She tells stories, runs a business, inspires women young and old, encourages people to spend time outdoors, and hikes long distance trails at record-breaking speeds. Jennifer Pharr Davis offers insightful perspective and chronicles a transformational journey of her five-month hike of the Appalachian Trail, a 2,185* mile footpath that stretches from Maine to Georgia, in her first book Becoming Odyssa: Epic Adventures on the Appalachian Trail.
Her thru-hiking adventures began immediately after graduating college as a classics major. Suitably, Pharr Davis selected the trail name Odyssa when she started her hike because she thought about what the name meant and considered that maybe she was a wanderer on a long journey back to her home. She spent the next five months hiking, listening to others tell their stories, telling her own story, gaining confidence, exploring her options in life, and deciding she needed to spend her life doing something she enjoyed instead of sitting behind a desk. She figured out what she wanted to do and “knew that something deep within connected with nature, hard work, and simplicity.” She started an outdoor hiking company.
Pharr Davis recaps each section of her 2005 journey on the Appalachian Trail with one-word. This collection of one-word chapter headings ranges from ‘love’ to ‘perseverance’ to ‘optimism’ to ‘homecoming’ in the final stretch. This isn’t just a book about hiking; it’s a story of a young woman finding and transforming herself from the naïveté of Jen to the experience of Odyssa. “I knew that I was beautiful, despite what other people said, and I appreciated my body based on what it could do instead of on how it looked.” She describes home not as a physical place but a state of truly knowing self and feeling at peace.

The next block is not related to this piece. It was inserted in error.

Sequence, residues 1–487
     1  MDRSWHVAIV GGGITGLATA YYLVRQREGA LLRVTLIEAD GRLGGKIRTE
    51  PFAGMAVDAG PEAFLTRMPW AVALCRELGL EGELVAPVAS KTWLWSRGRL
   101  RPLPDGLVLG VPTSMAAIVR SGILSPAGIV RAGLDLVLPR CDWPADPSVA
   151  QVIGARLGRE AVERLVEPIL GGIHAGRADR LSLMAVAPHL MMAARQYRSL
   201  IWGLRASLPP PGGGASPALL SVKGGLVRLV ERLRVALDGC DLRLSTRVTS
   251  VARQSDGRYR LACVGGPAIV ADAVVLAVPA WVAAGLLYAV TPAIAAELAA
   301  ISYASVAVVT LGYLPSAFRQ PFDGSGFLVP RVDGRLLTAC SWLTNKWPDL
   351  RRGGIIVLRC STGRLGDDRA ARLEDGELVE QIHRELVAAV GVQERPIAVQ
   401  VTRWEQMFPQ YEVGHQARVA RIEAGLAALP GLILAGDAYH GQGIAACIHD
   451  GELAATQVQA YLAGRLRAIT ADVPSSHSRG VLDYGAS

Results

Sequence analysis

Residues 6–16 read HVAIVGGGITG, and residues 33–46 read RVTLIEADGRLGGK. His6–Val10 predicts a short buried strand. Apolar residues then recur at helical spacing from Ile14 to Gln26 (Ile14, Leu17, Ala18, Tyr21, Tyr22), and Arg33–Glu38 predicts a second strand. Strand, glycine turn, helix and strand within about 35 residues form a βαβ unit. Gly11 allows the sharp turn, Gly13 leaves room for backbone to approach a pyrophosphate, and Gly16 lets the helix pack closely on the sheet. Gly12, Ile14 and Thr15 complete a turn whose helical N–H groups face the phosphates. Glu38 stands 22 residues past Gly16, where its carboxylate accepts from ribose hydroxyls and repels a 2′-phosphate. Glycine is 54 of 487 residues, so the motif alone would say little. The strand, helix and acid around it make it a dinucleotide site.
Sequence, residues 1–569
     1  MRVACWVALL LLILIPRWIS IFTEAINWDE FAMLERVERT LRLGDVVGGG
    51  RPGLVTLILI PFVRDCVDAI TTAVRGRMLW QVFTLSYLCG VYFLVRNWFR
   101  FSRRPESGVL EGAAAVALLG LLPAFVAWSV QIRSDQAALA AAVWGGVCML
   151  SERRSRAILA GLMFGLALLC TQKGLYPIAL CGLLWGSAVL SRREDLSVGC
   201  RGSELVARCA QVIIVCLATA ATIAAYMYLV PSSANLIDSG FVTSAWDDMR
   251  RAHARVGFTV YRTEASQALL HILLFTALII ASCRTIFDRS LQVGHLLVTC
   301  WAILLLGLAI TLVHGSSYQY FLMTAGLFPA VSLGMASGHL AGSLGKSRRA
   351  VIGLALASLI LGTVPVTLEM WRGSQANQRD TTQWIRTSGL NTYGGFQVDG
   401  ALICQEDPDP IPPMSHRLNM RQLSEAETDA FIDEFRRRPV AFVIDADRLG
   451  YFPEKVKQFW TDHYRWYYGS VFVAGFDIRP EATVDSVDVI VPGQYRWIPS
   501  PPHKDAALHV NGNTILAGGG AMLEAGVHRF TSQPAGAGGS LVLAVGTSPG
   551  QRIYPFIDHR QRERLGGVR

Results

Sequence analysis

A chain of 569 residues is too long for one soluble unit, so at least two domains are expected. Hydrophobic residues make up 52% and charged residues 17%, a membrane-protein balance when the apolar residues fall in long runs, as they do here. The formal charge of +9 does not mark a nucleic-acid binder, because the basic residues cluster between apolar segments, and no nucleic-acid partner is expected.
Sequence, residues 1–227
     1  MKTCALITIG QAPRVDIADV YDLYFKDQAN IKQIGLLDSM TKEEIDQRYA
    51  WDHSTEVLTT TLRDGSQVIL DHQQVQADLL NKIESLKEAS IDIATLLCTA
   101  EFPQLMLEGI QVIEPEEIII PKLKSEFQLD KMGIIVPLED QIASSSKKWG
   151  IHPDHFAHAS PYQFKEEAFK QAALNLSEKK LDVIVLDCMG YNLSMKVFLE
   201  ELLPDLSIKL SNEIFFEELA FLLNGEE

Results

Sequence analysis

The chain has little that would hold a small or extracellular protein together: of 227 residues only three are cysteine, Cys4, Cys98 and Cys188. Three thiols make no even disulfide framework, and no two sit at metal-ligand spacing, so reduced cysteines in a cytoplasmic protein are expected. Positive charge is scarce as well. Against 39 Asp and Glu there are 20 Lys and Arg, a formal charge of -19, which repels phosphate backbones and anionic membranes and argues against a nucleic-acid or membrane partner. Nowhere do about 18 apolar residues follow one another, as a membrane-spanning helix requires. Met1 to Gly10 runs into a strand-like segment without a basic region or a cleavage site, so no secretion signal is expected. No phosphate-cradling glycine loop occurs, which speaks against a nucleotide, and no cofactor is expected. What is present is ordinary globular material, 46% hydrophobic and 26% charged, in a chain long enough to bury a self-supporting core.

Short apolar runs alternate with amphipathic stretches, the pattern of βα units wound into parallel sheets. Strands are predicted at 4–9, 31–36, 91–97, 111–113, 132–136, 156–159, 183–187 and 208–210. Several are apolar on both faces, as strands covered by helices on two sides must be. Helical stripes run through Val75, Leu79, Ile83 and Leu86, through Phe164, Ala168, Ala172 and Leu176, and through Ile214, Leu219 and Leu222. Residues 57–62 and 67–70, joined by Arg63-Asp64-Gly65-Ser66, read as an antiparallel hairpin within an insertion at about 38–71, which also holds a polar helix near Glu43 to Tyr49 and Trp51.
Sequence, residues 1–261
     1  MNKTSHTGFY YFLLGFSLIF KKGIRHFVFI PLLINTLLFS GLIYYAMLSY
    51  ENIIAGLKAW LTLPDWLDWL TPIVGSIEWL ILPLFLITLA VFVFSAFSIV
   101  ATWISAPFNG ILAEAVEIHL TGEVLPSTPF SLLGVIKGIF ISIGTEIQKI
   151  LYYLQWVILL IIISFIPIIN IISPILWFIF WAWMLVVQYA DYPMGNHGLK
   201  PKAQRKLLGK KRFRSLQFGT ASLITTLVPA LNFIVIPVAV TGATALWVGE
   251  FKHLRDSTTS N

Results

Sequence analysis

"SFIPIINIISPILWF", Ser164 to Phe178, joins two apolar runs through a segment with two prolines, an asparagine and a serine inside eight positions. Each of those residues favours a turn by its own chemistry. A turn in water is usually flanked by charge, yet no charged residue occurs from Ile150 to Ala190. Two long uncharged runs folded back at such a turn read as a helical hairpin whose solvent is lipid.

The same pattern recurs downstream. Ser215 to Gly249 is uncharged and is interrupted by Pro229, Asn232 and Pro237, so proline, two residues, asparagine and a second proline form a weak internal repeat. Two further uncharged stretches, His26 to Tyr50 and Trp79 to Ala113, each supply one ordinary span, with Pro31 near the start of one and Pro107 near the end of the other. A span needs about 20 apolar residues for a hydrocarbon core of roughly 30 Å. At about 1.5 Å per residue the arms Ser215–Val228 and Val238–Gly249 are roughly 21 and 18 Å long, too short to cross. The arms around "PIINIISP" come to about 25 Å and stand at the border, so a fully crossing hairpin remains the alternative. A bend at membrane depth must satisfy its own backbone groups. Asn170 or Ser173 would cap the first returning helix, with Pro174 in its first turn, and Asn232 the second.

Following this epic adventure, Jennifer Pharr Davis went on to claim the women’s speed record for hiking the Appalachian Trail in 57 days and then later set the overall record hiking faster than any man or woman by completing the 2180 + mile trail in 46 days 11 hours and 20 minutes in 2011. Read about the record-setting hike in her book Called Again: A Story of Love and Triumph.
*The exact number of miles varies slightly from year to year when the Appalachian Trail Conservancy paints fresh white blazes (small white rectangles) on trees and posts denoting the path each year.
Renee Boss is an educator and activist who believes access to quality education is a right for everyone. She is also a book lover, who has made it her goal to devour a book a week. She lives in Lexington, Kentucky with her husband and two sons. www.reneeboss.blogspot.com